Philadelphia FCLU prides itself in proving families access to case law and scenarios. In our current case study which is wide spread on the internet may answer some questions when families or part of a family moves from one state to the next such as moving from Philadelphia to New Jersey. For this case the Appeals Court in New Jersey involving parties did not apply the doctrines of Res Judicata and Collateral Estoppel correctly.
Specifically, the Court relied on a prior Pennsylvania Court holding that allegedly answered the question of paternity of Rymir to dismiss the current New Jersey paternity action. In so doing, the Appeals Court ignored key facts and circumstances surrounding the instant action, including, but not limited to, the salient fact that the Pennsylvania Order relied upon as dispositive on the question of paternity was vacated by a subsequent Pennsylvania Order. As such, the original order cannot be viewed as a final order or resolution of the issue of paternity, and accordingly, cannot be the basis for a denial of parties rights while using res judicata/collateral estoppel grounds.
The law in this case involves issues that affect thousands of potential Family Court litigants each year who are involved in Paternity, Custody and other Family Court related matters that cross state lines. These cases bring forward numerous questions related to the doctrines of Res Judicata, Collateral Estoppel, Full Faith and Credit, and Personal and Subject Matter Jurisdiction, whereby the courts and those seeking to establish parental obligations frequently encounter fraudulent attempts by defendants to avoid these obligations via these legal doctrines. These issues have become more pertinent due to the mobility of today’s society. Questions of paternity may be raised in one state, followed by subsequent paternity actions in other states, as the child moves between relatives. The legal effect of these decisions, and the validity of one state’s findings over another, is at the very heart of the matter at hand.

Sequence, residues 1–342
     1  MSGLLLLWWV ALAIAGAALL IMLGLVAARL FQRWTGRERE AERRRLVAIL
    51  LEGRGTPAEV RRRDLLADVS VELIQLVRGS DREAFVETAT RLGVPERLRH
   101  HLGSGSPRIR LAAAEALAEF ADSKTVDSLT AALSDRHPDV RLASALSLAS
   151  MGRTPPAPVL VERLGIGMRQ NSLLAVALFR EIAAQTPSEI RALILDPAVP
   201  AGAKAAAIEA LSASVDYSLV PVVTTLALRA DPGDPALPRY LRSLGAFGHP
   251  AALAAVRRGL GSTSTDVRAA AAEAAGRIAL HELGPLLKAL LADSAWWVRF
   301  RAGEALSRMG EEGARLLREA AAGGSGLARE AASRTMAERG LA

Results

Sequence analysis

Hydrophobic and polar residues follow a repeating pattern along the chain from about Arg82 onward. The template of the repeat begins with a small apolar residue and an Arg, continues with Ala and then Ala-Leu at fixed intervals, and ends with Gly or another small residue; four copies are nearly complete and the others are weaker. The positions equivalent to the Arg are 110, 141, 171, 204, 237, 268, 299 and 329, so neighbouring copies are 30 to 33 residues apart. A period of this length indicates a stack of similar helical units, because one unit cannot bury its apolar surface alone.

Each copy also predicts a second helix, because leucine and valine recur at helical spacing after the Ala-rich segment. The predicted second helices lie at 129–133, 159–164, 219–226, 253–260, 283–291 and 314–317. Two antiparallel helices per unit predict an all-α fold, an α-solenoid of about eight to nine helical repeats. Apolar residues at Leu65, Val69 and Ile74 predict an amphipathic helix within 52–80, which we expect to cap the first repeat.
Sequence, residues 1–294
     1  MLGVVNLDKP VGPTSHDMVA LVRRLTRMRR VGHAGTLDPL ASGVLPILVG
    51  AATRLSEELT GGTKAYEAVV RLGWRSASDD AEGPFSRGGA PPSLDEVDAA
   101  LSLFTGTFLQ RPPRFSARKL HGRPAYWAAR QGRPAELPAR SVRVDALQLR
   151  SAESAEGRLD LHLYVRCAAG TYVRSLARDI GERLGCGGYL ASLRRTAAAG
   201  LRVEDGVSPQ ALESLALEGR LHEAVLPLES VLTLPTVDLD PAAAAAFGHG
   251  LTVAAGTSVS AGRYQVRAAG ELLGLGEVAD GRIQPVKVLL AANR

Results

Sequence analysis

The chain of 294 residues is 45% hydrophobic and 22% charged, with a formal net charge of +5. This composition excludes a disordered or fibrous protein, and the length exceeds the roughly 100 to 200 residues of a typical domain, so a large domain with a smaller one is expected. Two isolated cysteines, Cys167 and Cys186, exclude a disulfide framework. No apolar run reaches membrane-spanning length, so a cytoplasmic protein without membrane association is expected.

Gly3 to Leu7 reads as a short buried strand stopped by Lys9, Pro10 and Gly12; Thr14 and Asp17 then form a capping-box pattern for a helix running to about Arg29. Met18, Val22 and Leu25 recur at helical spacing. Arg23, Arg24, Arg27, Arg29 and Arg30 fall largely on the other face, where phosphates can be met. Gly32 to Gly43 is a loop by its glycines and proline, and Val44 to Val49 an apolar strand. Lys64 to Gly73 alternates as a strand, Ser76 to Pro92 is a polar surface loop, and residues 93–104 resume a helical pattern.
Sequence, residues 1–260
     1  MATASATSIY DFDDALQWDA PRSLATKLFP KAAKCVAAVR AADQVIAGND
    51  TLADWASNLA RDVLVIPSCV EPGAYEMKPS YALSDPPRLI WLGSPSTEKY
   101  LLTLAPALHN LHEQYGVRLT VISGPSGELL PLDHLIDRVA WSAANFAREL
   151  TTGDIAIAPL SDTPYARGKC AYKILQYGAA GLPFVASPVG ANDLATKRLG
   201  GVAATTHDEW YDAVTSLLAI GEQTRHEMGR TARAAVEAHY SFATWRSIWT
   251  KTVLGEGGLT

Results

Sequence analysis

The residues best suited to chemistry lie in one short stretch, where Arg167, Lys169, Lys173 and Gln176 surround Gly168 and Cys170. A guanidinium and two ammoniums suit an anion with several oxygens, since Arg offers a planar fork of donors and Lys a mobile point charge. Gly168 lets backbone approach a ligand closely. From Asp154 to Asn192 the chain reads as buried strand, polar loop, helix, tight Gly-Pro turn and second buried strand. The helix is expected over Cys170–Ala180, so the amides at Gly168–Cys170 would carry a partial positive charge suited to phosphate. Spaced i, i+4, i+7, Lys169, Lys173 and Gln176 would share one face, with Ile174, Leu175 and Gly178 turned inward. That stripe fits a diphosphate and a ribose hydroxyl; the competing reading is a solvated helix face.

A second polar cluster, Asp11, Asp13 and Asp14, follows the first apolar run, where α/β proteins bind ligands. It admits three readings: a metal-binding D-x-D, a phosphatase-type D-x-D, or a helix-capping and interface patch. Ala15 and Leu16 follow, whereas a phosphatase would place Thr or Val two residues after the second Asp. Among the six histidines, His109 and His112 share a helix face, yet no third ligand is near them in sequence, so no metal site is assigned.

The May 19, 2011 Pennsylvania Advisory Order and subsequent New Jersey actions wholly ignore the separate action initiated by non-party Graves on or about April 4, 2011. This action established that non-party Graves was not in fact the father of RYMIR., and left open once again the question of RYMIR.’s paternity. Then on December 9, 2011 in PA, the July 16, 2010 PA Order of Graves was vacated, and the paternity rights of RYMIR.’s was lawful.
Public Importance – This information presents issues of general public importance and, by creating new rules with regards to the issues of collateral estoppel and res judicata, namely, reliance on a vacated judgment in a neighboring State Action as preclusive of issues of paternity, the Appeal Court conflicted with substantial precedent. However, a vacated judgment bears no conclusive effect on the underlying action; therefore, it can have no status as a final judgment for purposes of other actions. “As a general rule, a vacated judgment and the factual findings underlying it have no preclusive effect; the judgment is a legal nullity.
Full details can be found https://drive.google.com/file/d/15fkg_NX5Feow4iHQjNw5Ob_jmQbp8pw8/view
Please see our blog for greater details of this case study.
Name: Dr. Sharon McClain
Company: FCLU Philadelphia Chapter
Country: United States of America